§ MR. SHERRIFF
asked the Secretary of State for War, Whether his attention has been directed to an article in "The Daily News" of the 11th instant, entitled "The Diphtheria Hospital on Woolwich Common;" and, whether 1695 the allegations made in such article are substantially correct; and, if so, what action is intended to be taken in the matter?
MR. GATHORNE HARDY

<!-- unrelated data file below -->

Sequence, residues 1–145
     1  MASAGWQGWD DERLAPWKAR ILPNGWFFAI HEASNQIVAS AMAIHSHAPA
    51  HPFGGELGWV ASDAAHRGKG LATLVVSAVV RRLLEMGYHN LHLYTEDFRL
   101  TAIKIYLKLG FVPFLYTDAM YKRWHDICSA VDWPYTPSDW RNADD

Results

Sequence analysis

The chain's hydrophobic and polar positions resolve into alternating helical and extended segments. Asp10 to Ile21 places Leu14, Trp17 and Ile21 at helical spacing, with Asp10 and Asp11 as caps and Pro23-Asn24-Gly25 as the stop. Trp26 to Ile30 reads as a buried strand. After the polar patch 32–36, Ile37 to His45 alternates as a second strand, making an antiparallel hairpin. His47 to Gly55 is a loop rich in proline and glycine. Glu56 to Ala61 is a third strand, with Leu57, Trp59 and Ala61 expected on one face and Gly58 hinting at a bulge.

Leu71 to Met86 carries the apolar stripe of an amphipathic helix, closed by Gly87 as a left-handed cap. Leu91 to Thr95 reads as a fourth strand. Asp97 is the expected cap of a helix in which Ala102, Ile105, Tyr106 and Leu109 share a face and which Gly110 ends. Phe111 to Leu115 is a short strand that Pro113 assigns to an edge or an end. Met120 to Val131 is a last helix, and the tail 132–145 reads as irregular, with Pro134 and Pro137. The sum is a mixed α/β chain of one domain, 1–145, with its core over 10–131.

Mr. Speaker, the Question which the hon. Member has put to me would be repeated, I see, on Monday, with some more particulars, I think, and I have therefore endeavoured to obtain the information sought by the hon. Member, and also by the hon. Member for Glasgow (Mr. Anderson) at the earliest possible opportunity. The first outbreak of diphtheria at Woolwich began in November, and it was not apparently confined merely to those cottages, but existed even in others in quite another part of the town in a very bad form. I think there were some 8 or 10 cases in Woolwich town itself, nearly all of which were fatal; in those cottages there were, I think, 35 cases, of which only 15 were fatal, so that the proportion was larger in the town than in the country. In the Cambridge cottages there was only one case; but they are very much improved buildings, not on the same common, and some considerable distance from those now in question. These cottages appear to have been built about the beginning of the century, without any due regard to the drainage or to the effect of the proper construction of such buildings. When the first outbreak took place, I directed the Army Sanitary Commission to make inquiries about these cottages, and they recommended a certain number of remedial alterations, such as throwing two rooms into one, draining, cementing the walls, and other things of that sort. Those operations do not appear to have been sufficient to stop the progress of this very severe disease. In consequence of diphtheria having recently broken out again within the last few days, and there being several cases, and in consequence also of my attention having been called to the article in question, I made further inquiries, and directed that the Sanitary Commissioners should again go to Woolwich and personally examine these cottages. They have been there this morning, and their Report is certainly not at all favourable. One of the Commissioners, whom I have seen, says that the article is, to a certain extent, exaggerated in the description, but that these cottages are, no doubt, most unsatisfactory; 1696 and, on the whole, they do not recommend that any further progress should be made with those remedial works at first proposed. I intend, therefore, as early as possible—certainly within a week—to remove the brigade depôts of the 49th and 50th from Woolwich to Warley. These latter barracks were meant for the training of the Militia; but in a pressure of this kind, it is better to find room in them for these unfortunate families which have suffered so much distress. I propose, therefore, to remove them to Warley till the barracks are built at Hounslow, and we shall so get accommodation for the whole of these families. Part of these barracks is already occupied by soldiers. I believe the construction of them is very good, and apartments will be at once properly prepared for these families. It will probably be done within a week, and it shall certainly be done as quickly as possible, because the time has come when some very strong measures should be taken to remove these poor people. I may add that they would have been removed to Woolwich, but the disease existed in the town itself, and the dread of it made it impossible to obtain lodgings to which they could be removed with any advantage to themselves.